Emergency Medicine FAQ

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Emergency Medicine


Emergency medicine physicians are specialists who staff the emergency department. They have attended a residency to specifically train them to handle the initial care of all patients of all ages who come to the emergency department.   All BPA emergency medicine physicians are board certified in that specialty, which means they meet the criteria and have the training to be a specialist in emergency care.

An emergency is generally considered to be a condition that is life or limb threatening.   Most patients who come to an emergency department are not in that condition. The decision to come to an emergency room is entirely up to the patient.  If you perceive the need for immediate care, it is best to present to an emergency department.   It is our goal to determine if an emergency does or does not exist. Many times we are able to completely solve a problem for which a patient presents.  Other times the full extent of a problem is unknown and we may have to consult with other specialists or recommend follow up care.  We will make every effort to determine whether an emergency does or does not exist and then refer you, as appropriate, to other specialists and resources.

Some patients arrive by car and some arrive by ambulance. It is impossible to predict whether the emergency department will be busy or not.  Emergencies are not predictable so, even if you call ahead, it can change at any time.   Upon arrival you will be assessed by emergency department personnel who will evaluate your complaint, obtain information, and take your vital signs.  You will be triaged based upon your presenting symptoms and the level and urgency of your need for care will be assessed.   Every effort is made to care for the sickest patients first. You will be cared for by a physician, physician assistant and/or nurse practitioner.  Our advanced level practitioners work under the direct supervision of our physicians so, even if your physician is not visible at all times, he or she is intimately involved in your care.  Testing or radiologic studies may be ordered if deemed necessary by your provider. After results are back, the results and suspected diagnosis will be discussed.   Admission to the hospital or discharge from the emergency department will be determined.  If discharged, you will likely be referred for follow up with your primary care or other physician.

There are some conditions that cannot be cared for at certain hospitals.   Appropriate specialty physicians or expertise may not be on staff at the facility to care for your needs.  In these cases, a call is made to another facility to transfer your care to a place where it can be most optimally managed.  It may take time to go through the process of the transfer so, if this is what is recommended to be in your best interest, we would ask for your patience.  Although we understand that waiting can be frustrating, ultimately this is what is best for you and that is what matters most.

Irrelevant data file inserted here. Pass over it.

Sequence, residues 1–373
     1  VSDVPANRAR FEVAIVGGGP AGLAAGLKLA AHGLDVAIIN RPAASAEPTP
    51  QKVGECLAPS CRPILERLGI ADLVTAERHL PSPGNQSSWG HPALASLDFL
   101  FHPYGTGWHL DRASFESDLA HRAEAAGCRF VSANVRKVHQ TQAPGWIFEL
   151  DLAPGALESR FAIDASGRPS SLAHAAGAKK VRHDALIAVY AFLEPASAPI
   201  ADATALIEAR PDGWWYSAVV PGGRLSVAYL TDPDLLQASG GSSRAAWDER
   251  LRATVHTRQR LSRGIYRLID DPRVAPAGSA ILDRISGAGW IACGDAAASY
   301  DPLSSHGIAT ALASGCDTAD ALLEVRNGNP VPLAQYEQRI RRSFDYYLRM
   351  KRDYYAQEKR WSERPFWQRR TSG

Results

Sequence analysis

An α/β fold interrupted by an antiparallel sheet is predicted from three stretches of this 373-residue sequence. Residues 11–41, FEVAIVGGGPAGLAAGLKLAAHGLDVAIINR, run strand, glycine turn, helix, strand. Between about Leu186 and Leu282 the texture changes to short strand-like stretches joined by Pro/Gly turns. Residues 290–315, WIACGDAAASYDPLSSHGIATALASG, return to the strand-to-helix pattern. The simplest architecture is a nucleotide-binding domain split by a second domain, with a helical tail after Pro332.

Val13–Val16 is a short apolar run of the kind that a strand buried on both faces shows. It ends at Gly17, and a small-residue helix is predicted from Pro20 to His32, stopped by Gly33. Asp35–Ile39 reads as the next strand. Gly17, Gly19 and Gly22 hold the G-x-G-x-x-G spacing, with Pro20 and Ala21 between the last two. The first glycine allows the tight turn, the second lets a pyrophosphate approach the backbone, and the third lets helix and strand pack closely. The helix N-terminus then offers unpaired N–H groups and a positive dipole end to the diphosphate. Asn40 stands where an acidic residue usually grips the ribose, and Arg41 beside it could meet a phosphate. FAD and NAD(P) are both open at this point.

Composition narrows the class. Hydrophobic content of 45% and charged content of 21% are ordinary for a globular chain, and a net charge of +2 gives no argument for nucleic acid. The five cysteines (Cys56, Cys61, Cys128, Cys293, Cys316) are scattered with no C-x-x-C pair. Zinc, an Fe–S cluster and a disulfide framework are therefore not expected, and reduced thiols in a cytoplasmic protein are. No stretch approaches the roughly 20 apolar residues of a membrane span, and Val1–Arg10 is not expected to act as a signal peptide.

Testing is ordered to evaluate whether or not an emergency exists. Sometimes evaluation requires testing and sometimes it does not.   That decision will be made by your emergency physician.   Not all tests are immediately available in every emergency department.  Additionally, sometimes resources are limited and only testing to evaluate for an emergency will be done by the emergency department.  Additional testing may be ordered as part of your follow up care once the immediate problem has been addressed.

Most patients are discharged to go home.  Sometimes, in simple cases, the care has been completed but most often follow up care is needed.   You may be referred to a primary care physician or specialist.  It is your responsibility to make arrangements for this care and to follow up as instructed.  Remember it is your health and taking an active role is important.  The physician that follows up your care may continue to care for you or provide further testing and referrals. This is what is required in many cases to get to the bottom of complex health issues.

If the decision is made that you need to be admitted, it is because your problem is acute and it has been determined that you need further care in the hospital setting.  Again, this requires a process of contacting multiple providers, getting together orders for care (often from multiple sources outside your emergency physician’s control), and arranging for a room in the hospital.  While we realize that waiting can be frustrating, please rest assured that we are doing all that we can to move things along as quickly as possible.  Unfortunately, it all takes time and we appreciate your patience throughout this process.

Emergency Medicine Locations


BPA is a physician owned and operated community based group of more than 150 physicians and advanced level practitioners formed in October, 2013.